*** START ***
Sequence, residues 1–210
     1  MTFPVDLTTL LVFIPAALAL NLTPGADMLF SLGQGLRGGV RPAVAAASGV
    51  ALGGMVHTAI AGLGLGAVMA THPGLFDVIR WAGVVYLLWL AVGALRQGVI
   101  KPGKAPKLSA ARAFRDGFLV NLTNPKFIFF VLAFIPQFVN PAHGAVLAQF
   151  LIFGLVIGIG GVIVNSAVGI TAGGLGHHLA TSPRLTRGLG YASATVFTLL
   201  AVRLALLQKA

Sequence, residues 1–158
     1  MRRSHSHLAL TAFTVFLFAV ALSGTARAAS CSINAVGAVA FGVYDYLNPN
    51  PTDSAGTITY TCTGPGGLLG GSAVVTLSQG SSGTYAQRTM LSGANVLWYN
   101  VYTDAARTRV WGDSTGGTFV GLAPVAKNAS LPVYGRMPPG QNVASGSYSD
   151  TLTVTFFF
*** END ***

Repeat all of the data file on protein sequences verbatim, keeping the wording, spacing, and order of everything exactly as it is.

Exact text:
Sequence, residues 1–210
     1  MTFPVDLTTL LVFIPAALAL NLTPGADMLF SLGQGLRGGV RPAVAAASGV
    51  ALGGMVHTAI AGLGLGAVMA THPGLFDVIR WAGVVYLLWL AVGALRQGVI
   101  KPGKAPKLSA ARAFRDGFLV NLTNPKFIFF VLAFIPQFVN PAHGAVLAQF
   151  LIFGLVIGIG GVIVNSAVGI TAGGLGHHLA TSPRLTRGLG YASATVFTLL
   201  AVRLALLQKA

Sequence, residues 1–158
     1  MRRSHSHLAL TAFTVFLFAV ALSGTARAAS CSINAVGAVA FGVYDYLNPN
    51  PTDSAGTITY TCTGPGGLLG GSAVVTLSQG SSGTYAQRTM LSGANVLWYN
   101  VYTDAARTRV WGDSTGGTFV GLAPVAKNAS LPVYGRMPPG QNVASGSYSD
   151  TLTVTFFF